Saturday, 16 October 2010

Inca Trail Day 3: Runkurakay Pass

At an elevation of 3600m (11,811 feet or thereabouts) the camp site where we slept on day 2 was the highest place we would sleep and also the coldest, nevertheless my trusty 3 season REI sleeping bag didn't let me down and I woke up refreshed at 5am to the cup of coca tea proffered by one of the porters; dressed inside my sleeping bag - it was too cold to be exposing naked limbs to the elements - packed up my stuff and trotted down to the dining tent for a 5.30am breakfast of pancakes and hot chocolate. Mmmmm pancakes!!!

The mist rolling in over the tents at the neighboring camp.

The first 2 hours of the day's walk were all up hill, but we were assured by Efraim that it would be a relatively easy day. Emphasis on the word relatively!! Still, the view of the mist rolling over the mountains was stunning!!

Looking back to the campsite we'd just left. The two red tents you can see about halfway up on the left are our Gap Adventures tents. The campsites are much larger than you realize when you are in them, since being staggered on the hillside like that means you're only ever aware of your own group and maybe the group next door.

Oh great....steps. Haven't had enough of those yet!! Not!!

Really bloody steep steps.

And more steps!!

The steps led to the Runkurakay Inca ruin. I counted the steps up to the ruin in an effort to try and take my mind off the pain in my legs and behind, although I was pleased to note that I didn't find that morning's uphill hike anywhere near as difficult as I'd been expecting, especially with a full belly of pancakes and hot chocolate, although a lot of other people, who didn't have the benefit of a 3 season sleeping bag - bought or hired - were suffering as a result of a sleepless night owing to the colder overnight temperatures. Approximately 450 steps later we arrived at the ruin.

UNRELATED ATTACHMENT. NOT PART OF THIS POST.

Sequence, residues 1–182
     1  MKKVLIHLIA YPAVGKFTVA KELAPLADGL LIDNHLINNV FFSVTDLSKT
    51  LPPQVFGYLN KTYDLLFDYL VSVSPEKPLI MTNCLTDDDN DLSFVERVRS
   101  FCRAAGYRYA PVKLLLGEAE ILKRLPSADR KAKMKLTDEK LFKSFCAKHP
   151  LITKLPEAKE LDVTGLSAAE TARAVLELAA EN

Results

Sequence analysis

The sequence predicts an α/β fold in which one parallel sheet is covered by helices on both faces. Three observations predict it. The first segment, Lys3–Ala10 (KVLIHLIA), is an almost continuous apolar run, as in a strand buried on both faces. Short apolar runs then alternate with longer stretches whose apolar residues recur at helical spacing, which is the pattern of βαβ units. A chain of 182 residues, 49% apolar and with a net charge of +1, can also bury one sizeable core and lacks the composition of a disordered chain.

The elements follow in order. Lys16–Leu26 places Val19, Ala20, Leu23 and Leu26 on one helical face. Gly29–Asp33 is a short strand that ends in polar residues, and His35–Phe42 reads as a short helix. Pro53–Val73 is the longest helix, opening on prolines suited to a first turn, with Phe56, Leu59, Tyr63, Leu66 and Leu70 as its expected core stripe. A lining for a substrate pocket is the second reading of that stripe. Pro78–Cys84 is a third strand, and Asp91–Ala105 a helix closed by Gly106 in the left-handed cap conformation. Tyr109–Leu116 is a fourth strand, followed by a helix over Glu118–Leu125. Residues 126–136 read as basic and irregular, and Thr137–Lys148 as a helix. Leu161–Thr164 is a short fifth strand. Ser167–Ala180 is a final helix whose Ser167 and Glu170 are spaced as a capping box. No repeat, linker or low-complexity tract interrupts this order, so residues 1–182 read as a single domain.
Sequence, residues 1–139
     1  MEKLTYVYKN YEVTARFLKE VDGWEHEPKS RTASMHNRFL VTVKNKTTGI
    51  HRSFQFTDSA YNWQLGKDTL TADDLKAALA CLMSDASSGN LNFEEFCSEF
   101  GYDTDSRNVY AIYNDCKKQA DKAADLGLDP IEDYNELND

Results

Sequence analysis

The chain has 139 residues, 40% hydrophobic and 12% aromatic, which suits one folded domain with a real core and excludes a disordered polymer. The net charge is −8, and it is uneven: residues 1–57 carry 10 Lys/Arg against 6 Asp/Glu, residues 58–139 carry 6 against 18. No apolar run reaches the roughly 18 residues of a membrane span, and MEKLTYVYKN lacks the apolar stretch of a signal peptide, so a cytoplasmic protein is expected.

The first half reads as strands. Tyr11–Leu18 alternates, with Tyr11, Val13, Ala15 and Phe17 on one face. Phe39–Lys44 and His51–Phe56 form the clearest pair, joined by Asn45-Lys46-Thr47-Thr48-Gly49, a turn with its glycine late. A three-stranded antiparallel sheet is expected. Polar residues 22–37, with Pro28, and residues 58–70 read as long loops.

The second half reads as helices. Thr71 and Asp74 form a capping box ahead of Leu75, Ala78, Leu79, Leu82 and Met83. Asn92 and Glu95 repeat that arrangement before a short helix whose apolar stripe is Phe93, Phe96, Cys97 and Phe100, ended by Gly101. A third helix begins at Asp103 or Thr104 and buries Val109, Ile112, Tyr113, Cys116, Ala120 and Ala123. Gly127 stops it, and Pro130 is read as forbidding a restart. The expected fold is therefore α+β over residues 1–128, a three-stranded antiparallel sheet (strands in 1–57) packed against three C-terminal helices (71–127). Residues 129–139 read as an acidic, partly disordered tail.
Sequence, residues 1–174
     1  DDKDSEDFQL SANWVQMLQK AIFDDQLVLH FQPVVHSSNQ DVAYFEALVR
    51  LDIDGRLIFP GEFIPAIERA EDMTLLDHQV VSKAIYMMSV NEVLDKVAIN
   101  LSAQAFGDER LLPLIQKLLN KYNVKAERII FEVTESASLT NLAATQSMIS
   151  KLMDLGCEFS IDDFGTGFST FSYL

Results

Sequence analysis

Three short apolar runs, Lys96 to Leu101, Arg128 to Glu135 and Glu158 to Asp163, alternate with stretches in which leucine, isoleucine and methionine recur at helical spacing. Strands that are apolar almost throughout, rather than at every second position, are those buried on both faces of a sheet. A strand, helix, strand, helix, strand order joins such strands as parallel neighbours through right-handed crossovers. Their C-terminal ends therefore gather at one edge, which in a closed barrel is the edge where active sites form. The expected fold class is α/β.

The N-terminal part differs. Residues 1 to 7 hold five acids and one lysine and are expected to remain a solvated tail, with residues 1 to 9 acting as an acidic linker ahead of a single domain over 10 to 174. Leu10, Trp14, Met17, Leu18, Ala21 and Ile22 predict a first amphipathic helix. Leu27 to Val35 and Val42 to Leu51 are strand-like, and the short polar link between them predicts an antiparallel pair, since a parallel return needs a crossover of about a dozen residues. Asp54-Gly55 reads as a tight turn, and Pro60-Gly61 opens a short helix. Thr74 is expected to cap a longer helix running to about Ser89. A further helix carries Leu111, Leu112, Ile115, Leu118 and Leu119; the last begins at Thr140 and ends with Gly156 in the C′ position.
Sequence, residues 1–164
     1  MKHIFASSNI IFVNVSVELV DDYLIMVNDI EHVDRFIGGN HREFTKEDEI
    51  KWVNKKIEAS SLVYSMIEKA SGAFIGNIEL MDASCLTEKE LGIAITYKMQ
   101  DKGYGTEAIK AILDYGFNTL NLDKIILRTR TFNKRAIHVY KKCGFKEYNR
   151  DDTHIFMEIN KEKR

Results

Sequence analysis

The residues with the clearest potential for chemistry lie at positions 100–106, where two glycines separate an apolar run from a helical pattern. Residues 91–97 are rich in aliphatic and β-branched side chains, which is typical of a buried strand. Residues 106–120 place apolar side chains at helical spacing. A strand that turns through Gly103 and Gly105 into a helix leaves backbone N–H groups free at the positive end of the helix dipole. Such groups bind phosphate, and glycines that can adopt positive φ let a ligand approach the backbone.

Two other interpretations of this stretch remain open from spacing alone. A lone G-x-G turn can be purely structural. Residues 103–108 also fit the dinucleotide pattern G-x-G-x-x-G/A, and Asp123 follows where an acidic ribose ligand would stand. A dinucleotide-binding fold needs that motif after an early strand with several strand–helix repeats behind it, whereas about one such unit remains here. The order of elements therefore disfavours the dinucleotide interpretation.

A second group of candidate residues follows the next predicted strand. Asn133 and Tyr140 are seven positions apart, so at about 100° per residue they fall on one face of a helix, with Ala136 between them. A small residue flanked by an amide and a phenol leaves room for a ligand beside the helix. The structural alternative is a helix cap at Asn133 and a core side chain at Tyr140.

Beyond the fact that Runkurakay was used by the Incas as a watchtower and resting place. I can't really say I listened too hard to what Efraim was saying about the ruin, because I was too busy fighting off the mosquitos that were dive bombing me. There were so many I had to wrap my scarf around my face and put up the hood of my windbreaker, so I was more than happy to leave, even though that meant...yes, you guess it, more steps. Ugh!!

The view of Runkurakay ruin from above

And up....

And up....

And up....

And up....

The view from the top.

And now down!!


Kitty said...


yknow that cliche about the journey not the destination, comes to me. This must have been such an experience.

Having such a physical vacation must have been really something, no? You are just constantly in the present moment. That seems to good.

fishwithoutbicycle said...

Hi Kitty,

That's so true, by the time we got to the end of the hike I really couldn't have given two hoots about Machu Picchu, I just wanted a hot shower and a lie down ;-)

It was also good to be on a trip that forced you to be very present as it was a total break from the daily grind.

Amel said...

The pancake looks DELIIIICCCIIOUUSS!!! :-D And glad to hear your sleeping bag made you sleep well. :-D

The view from above is simply GORGEOUS. :-D

Mosquitoes at such a height? I thought mosquitoes don't like the cold. I mean, after all over here mosquitoes only come out in summer during hot days. When it's not warm enough, they don't come out yet.

fishwithoutbicycle said...

Hi Amel,

It was actually pretty warm during the day at that altitude so maybe that's why there were so many mosquitoes. We covered ourselves in bug spray :-)